The ESG ratings distortion impacted crypto and might result in damage elsewhere as rating agencies further confuse the matter. In early 2022, Russian companies had higher ESG scores than EU companies. In the US, Amazon is the world’s biggest non-energy carbon footprint, yet it appears in 75% of ESG funds, including the #3 slot in Blackrock’s flagship ESG fund. It’s becoming clearer that ESG ratings are opinions proposed as fact. Amazon down 50% in 2022.

showed everyone just how misguided and misled investors were in Amazon’s fake “ESG” cache. The first wave of risk unwinds came as a result in 2022.

Additionally, ESG peer pressure has villainized traditional energy while projecting alternative energy as the hero. When ESG politics shut down Germany’s nuclear plants and Russia took advantage of ESG capital constraints, the world suffered with energy insecurity. We all felt the inflation pinch. This is ongoing. Rates ratcheted higher. Easy money ended. Now the Ponzi-like structures are collapsing. Bad investments are costly and ESG pitchforks are coming out as risks surface and PnL suffers. Larry Fink is on the hot seat. His “ESG backlash is personal,” crocodile tears should not fool anyone.

The bubble collapse is underway. It grew massively for more than a decade yet is rapidly collapsing. Despite the warning signs, there’s still too much money chasing misguided dreams in the worlds of crypto and ESG. 2023 has begun with old habits dying hard in ESG and crypto alike.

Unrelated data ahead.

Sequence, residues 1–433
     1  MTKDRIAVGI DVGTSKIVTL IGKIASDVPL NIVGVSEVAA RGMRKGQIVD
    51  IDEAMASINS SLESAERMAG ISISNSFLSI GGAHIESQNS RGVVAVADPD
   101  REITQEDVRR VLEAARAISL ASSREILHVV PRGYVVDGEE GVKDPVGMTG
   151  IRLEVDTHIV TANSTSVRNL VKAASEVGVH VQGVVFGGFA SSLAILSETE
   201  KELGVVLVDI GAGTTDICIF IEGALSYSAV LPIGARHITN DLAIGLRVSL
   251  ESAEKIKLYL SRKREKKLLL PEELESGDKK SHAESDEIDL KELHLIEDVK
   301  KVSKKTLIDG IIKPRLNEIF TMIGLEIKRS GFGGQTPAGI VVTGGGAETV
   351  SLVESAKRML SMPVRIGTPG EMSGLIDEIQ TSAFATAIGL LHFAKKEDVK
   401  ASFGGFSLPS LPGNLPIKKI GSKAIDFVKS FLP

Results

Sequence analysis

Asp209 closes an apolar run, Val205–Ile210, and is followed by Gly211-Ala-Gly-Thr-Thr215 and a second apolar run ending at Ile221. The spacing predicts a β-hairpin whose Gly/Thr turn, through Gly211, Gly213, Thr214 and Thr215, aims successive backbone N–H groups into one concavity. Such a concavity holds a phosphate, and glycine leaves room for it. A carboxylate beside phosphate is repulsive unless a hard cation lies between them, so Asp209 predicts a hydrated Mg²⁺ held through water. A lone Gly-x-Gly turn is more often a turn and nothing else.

At the end of 2017, the Fed’s balance sheet exceeded $4 trillion and M1 was $3.6 trillion. After the pandemic and another round of easy money stimulus, the Fed balance sheet was $9 trillion and M1 was a mind-boggling $20 trillion. There’s no analog like this in monetary history. The new higher rates’ paradigm has become a fly-in-the-ointment.

What Should Investors Do Now? 

Investors need to be prepared and disciplined. Diversifying holdings, conducting meaningful due diligence, and ignoring popular, get-rich-quick investments like crypto and false pretense-laden ESG are good starting points.

To that end, find less crowded investments, such as favoring those left out of crypto and ESG funds. Stick to the areas that were ignored and cast aside from the recent bubble. Find stocks and sectors that were excluded from the crowds in all the same “fad” investments. And own real assets. With rates going higher, the costs of bad investments and bad capital expenditure will be magnified going forward. This “high cost unwinds” began in 2022 and hardly looks complete.

Those expecting help from lower rates (which I don’t think is coming that fast anyway) should understand those rate cuts would be defensive, not offensive. From 2000-2002, the 2-year yield fell from 6.5% to 2% as the SPX FELL from 1500 to 800.

Know what you own. Know what the companies do. Verify the themes and concepts others are selling. Don’t be misled by things that sound good but don’t really do good. If it sounds too good to be true, it probably is.